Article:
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Detailed Compliance for Non-Microsoft Antivirus Solutions

·7 mins· 0
Intune Windows 10 and later Compliance Security Antivirus Graph API PowerShell
Nick Benton
Principal Modern Device Management Consultant and Intune Blogger
Table of Contents

Introduction #

So what happens when you’re not using Windows Defender on your Windows 10 and later Microsoft Intune enrolled devices, and you’re not happy with the basic compliance checks for Third-Party Antivirus products?

Microsoft have come to the rescue with their Custom Compliance Settings, so let’s utilise this detect and check policy, and leverage it to detect and report on Non-Microsoft Antivirus products, their real time protection status, as well as whether the definitions are up to date.

Custom Compliance Policies #

As Custom Compliance isn’t that new a feature of Microsoft Intune, I’m not going to deep dive into the process, a number of other people have done that already:

We’re going to focus on how to use it to achieve our goal, detecting additional information about third-party Antivirus solutions.

PowerShell and WMI #

We need a way to get information about the expected active Antivirus product, in this instance ‘Sophos Antivirus’, installed on device; to do this we can use the WMI Class AntiVirusProduct within the root\SecurityCenter2 namespace.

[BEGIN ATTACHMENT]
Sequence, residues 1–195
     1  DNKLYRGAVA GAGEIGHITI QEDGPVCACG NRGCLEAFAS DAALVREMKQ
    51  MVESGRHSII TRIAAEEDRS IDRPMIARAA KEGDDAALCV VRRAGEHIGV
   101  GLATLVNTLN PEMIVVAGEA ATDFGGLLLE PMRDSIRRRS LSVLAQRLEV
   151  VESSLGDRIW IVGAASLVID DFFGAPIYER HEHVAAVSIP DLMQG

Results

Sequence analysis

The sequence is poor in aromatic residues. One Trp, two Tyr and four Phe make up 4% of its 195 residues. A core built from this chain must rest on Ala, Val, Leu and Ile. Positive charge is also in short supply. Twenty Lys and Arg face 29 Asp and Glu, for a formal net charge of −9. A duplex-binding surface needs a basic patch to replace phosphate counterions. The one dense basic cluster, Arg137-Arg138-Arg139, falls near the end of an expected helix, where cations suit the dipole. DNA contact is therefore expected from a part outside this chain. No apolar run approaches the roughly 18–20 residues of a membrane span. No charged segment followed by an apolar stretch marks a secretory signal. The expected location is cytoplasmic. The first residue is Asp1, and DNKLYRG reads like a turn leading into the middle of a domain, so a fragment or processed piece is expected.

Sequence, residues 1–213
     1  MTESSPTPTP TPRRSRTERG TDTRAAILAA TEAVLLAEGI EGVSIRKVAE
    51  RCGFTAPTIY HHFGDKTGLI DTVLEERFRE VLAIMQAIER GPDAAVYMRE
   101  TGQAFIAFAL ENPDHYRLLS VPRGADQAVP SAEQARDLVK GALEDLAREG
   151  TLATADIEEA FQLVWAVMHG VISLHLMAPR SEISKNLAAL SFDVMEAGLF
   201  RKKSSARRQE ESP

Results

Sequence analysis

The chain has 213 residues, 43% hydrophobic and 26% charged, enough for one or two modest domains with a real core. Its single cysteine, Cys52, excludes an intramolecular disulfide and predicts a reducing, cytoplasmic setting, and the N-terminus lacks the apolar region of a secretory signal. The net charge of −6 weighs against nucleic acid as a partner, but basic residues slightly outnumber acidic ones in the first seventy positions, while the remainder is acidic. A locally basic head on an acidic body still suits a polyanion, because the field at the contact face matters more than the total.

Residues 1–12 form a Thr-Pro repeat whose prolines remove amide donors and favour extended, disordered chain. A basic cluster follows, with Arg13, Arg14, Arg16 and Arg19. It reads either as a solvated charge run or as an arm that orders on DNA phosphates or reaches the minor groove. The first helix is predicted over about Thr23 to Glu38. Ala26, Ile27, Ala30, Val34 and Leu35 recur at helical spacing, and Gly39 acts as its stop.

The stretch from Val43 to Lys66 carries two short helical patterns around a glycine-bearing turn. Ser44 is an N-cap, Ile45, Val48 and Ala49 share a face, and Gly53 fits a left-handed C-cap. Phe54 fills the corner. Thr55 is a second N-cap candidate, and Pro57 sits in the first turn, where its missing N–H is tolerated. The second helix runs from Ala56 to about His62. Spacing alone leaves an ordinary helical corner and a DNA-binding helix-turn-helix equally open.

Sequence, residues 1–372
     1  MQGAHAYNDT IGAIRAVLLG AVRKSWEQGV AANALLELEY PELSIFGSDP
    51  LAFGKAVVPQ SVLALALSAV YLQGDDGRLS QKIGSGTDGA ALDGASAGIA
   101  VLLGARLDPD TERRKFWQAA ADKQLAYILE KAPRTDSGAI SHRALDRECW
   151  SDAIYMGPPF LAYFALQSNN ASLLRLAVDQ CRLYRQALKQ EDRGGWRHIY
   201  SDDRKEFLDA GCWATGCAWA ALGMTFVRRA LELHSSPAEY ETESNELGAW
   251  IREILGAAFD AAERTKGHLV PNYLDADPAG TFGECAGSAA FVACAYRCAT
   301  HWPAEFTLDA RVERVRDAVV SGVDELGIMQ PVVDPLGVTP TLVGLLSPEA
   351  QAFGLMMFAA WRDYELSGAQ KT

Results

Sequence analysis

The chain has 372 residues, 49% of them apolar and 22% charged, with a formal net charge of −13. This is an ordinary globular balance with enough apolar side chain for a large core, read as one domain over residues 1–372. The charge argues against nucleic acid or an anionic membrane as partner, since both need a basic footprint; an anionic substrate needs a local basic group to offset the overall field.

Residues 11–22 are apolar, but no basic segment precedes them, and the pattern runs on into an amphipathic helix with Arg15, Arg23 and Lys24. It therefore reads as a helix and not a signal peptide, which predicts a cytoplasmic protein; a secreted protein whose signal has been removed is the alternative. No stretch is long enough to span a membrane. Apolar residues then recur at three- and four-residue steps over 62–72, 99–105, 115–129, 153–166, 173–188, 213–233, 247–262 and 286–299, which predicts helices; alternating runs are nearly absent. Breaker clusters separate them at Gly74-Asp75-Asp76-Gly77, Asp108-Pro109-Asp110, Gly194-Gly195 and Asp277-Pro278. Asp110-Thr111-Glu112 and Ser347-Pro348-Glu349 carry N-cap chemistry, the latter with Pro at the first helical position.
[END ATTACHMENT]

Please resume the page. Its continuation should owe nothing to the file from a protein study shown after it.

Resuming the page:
Get-WmiObject -Namespace "root\SecurityCenter2" -Class AntiVirusProduct

This will pull back details about the Antivirus software registered by Windows, as you can see from the below, it will pull back all products registered, including Windows Defender.

__GENUS                  : 2
__CLASS                  : AntiVirusProduct
__SUPERCLASS             :
__DYNASTY                : AntiVirusProduct
__RELPATH                : AntiVirusProduct.instanceGuid="{8E0623B8-CF1C-DFFE-CEA3-AA41BDA4B8EE}"
__PROPERTY_COUNT         : 6
__DERIVATION             : {}
__SERVER                 : LT01540
__NAMESPACE              : ROOT\SecurityCenter2
__PATH                   : \\LT01540\ROOT\SecurityCenter2:AntiVirusProduct.instanceGuid="{8E0623B8-CF1C-DFFE-CEA3-AA41BDA4B8EE}"
displayName              : Sophos Anti-Virus
instanceGuid             : {8E0623B8-CF1C-DFFE-CEA3-AA41BDA4B8EE}
pathToSignedProductExe   : C:\Program Files (x86)\Sophos\Sophos Anti-Virus\WSCClient.exe
pathToSignedReportingExe : C:\Program Files (x86)\Sophos\Sophos Anti-Virus\WSCClient.exe
productState             : 331776
timestamp                : Tue, 16 Nov 2021 17:29:40 GMT

__GENUS                  : 2
__CLASS                  : AntiVirusProduct
__SUPERCLASS             :
__DYNASTY                : AntiVirusProduct
__RELPATH                : AntiVirusProduct.instanceGuid="{D68DDC3A-831F-4fae-9E44-DA132C1ACF46}"
__PROPERTY_COUNT         : 6
__DERIVATION             : {}
__SERVER                 :
__NAMESPACE              : ROOT\SecurityCenter2
__PATH                   : \\\ROOT\SecurityCenter2:AntiVirusProduct.instanceGuid="{D68DDC3A-831F-4fae-9E44-DA132C1ACF46}"
displayName              : Windows Defender
instanceGuid             : {D68DDC3A-831F-4fae-9E44-DA132C1ACF46}
pathToSignedProductExe   : windowsdefender://
pathToSignedReportingExe : %ProgramFiles%\Windows Defender\MsMpeng.exe
productState             : 393472
timestamp                : Thu, 16 Dec 2021 10:49:39 GMT

So we will need a way to filter only to the expected active Antivirus software installed.

Antivirus Product State #

With the information available about the Antivirus products, we need to be able to identify whether Real Time Protection is running, as well as whether the Definitions are up to date. I’d say luckily, but I’d be lying, we have the productState information to work with.